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Detention Frequently Asked Questions

How long will my child have to stay in detention?

Youth stay in detention while their court cases are pending. The length of stay depends on how long it takes to resolve the court case.Typically, Juvenile Delinquents whose cases are pending before the Family Court spend an average of 15 to 30 days in detention. However, Juvenile Offenders generally have longer lengths of stay while their cases are awaiting trial in the adult Criminal Court.

How does ACS determine which group home to place my child in?

ACS considers several factors when determining where youth should be assigned. For example, ACS looks at where the family lives and whether it would be easy for families to visit the youth at the facility. ACS also considers the youth’s service needs to determine which home would be the best fit for the youth. Families are encouraged to give their input during the intake process.

Can my child go home while he is in detention? Can I visit him?

Generally, youth are not allowed to go home while they are in detention unless the Judge allows it. Youth may call home and families are encouraged to visit the detention facility during visiting hours. In addition, the facilities regularly organize events that youth and their families can enjoy together.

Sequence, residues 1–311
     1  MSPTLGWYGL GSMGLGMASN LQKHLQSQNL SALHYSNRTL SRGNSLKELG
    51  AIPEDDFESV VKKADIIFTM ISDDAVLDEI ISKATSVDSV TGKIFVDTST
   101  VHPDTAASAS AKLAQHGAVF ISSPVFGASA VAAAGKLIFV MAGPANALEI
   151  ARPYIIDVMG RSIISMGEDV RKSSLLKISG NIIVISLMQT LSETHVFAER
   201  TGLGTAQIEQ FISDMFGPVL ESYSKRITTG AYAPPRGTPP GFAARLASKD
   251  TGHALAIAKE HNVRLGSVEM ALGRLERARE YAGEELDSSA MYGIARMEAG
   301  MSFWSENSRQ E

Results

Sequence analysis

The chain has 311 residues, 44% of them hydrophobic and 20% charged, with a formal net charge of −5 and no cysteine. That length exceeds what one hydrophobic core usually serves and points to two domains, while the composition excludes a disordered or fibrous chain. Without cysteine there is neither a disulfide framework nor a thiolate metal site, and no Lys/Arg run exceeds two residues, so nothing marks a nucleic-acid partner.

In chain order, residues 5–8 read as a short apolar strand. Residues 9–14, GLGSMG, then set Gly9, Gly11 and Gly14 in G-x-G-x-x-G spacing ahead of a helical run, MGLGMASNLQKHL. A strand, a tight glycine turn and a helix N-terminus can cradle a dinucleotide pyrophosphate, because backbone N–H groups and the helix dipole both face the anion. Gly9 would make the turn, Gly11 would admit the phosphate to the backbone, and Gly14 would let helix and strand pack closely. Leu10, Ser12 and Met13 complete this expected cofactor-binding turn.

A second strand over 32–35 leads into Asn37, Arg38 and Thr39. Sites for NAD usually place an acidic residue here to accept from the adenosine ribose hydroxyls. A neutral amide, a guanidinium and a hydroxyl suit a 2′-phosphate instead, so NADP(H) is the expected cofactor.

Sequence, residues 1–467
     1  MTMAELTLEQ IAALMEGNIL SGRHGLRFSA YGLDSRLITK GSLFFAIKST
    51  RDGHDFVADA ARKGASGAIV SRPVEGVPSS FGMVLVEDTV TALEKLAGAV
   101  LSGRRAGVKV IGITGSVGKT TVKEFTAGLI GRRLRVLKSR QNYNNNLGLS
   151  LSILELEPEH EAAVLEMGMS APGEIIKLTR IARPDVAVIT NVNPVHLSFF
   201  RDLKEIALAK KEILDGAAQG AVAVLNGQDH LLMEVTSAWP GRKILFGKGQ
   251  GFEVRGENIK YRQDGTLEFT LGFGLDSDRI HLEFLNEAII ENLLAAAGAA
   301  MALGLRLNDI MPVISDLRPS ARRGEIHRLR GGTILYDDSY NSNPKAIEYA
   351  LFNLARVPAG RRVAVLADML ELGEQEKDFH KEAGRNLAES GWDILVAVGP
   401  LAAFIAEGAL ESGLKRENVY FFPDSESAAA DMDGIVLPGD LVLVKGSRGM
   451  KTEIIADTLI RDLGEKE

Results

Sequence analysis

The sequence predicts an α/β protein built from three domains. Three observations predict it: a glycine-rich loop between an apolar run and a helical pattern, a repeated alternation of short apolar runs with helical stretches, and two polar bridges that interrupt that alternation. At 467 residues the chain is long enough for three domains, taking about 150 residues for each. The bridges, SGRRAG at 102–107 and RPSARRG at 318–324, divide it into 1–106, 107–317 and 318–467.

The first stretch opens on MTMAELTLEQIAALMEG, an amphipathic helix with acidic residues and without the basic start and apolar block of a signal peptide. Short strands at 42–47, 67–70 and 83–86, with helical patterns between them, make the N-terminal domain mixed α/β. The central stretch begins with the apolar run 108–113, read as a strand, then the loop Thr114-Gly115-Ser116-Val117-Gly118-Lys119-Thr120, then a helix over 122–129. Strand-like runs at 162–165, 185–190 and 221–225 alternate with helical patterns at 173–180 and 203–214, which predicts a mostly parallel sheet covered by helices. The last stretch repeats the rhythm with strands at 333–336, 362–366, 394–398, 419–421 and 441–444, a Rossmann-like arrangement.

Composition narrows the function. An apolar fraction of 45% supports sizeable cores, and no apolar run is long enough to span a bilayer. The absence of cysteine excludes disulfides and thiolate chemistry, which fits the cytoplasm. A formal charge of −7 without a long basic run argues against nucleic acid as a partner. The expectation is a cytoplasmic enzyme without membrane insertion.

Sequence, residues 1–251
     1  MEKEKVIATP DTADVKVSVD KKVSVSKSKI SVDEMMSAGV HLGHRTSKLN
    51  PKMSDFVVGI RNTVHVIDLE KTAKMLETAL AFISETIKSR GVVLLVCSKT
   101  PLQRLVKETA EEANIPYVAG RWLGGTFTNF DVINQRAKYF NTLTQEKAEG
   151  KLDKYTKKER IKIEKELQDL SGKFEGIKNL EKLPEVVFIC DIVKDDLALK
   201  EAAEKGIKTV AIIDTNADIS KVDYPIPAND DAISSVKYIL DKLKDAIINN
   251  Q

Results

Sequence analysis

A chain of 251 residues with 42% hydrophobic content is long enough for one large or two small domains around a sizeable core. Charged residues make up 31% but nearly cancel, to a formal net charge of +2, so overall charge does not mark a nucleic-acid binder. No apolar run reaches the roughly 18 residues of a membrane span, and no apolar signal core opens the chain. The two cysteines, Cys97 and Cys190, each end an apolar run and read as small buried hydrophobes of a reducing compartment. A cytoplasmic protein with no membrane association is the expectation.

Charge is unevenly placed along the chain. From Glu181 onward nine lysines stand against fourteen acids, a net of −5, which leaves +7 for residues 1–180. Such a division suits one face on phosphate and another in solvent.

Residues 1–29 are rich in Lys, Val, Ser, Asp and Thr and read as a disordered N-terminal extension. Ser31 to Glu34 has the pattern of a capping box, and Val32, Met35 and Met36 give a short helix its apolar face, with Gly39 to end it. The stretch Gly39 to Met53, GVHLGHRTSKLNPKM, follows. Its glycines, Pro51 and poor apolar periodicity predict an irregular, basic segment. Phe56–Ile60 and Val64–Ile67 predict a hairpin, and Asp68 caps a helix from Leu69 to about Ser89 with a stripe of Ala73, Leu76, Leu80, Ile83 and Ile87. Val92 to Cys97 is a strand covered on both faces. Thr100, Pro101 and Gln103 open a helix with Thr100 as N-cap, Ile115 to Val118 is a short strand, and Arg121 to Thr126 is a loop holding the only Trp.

Will my child go to school while he is in detention?

Yes. Your child will either go to school within the facility or travel to one of two stand-alone community schools that serve only juvenile justice-involved youth. All the schools are staffed by New York City Department of Education teachers and your child will receive DOE credits for their school work.

Is my child allowed to leave the detention facility?

It depends on the setting. Youth in secure detention typically remain in the facilities until their case is resolved. Youth in non-secure detention are sometimes allowed to go on field trips, attend shows, visit museums, attend workshops, and other cultural and recreational activities organized by the group homes under staff supervision.

What is a typical day in detention?

Youth follow a daily schedule from morning to bedtime. Typically, they begin the day with breakfast, spend most of the day in school, do homework, complete their chores and participate in recreational activities in their free time.



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